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FBI arrives in Libya to probe deaths of four Americans

Secretary of State Hillary Rodham Clinton said Tuesday that a team of FBI agents has arrived in Libya to investigate the deaths of four Americans who were killed when the U.S. Consulate in Benghazi was overrun last week.

The FBI’s arrival had been delayed by concerns about continued violence in the eastern Libyan city. Clinton did not provide any details of how many agents were involved or whether the team has arrived in Benghazi yet.

“The FBI has joined the investigation on the ground in Libya and we will not rest until the people who orchestrated this attack are found and punished,” Clinton told reporters after a meeting with Mexican Foreign Minister Patricia Espinosa at the State Department.

U.S. Ambassador J. Christopher Stevens and three other State Department employees were killed when a protest linked to an anti-Muslim video turned violent and an armed mob stormed the consulate and set it ablaze.

Libyan officials said that as many as 50 people have been brought in for questioning in connection with the attack. Most of them are regarded as witnesses who were outside the consulate at the time of the protest, the officials said.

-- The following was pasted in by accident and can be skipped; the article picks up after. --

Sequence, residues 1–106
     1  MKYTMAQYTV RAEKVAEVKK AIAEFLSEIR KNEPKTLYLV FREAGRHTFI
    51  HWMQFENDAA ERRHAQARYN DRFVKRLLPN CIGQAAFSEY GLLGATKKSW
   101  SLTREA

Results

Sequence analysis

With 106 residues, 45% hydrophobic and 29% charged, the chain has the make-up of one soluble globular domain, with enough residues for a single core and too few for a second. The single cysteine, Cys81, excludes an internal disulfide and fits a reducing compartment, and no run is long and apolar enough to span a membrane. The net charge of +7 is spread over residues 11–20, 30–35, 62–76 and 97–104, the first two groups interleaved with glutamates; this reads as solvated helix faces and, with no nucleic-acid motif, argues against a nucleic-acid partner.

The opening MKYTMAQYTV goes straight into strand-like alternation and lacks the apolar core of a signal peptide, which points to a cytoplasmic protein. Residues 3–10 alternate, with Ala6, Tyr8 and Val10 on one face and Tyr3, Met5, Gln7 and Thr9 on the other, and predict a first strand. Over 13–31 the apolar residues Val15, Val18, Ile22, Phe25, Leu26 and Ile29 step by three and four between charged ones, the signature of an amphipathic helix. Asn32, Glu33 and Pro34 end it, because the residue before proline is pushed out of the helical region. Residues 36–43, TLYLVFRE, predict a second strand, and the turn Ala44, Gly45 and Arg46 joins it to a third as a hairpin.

Clinton defended the security in place before the attack, repeating the administration’s position that the combination of Libyan guards and U.S. personnel was sufficient. She also said there had been no intelligence or other warnings of an impending attack on the consulate.

In Cairo, Egypt’s general prosecutor issued arrest warrants Tuesday for seven Egyptian Coptic Christians and a Florida-based American pastor, referring them to trial on charges linked to the video.

A Libyan woman places a flower at the gate of the U.S. Consulate in Benghazi, Libya, on Monday. (Mohammad Hannon/AP)

The case is largely symbolic, because the seven men and one woman are believed to be outside Egypt. Among those charged is Nakoula Basseley Nakoula, an Egyptian Copt living in Southern California and believed to be behind the video. Also among those charged are Florida-based pastor Terry Jones, who has said he was contacted by the filmmaker to promote the video, as well as Morris Sadek, a conservative Coptic Christian in the United States who pushed the video on his Web site.

Anne Gearan is a national politics correspondent for The Washington Post.

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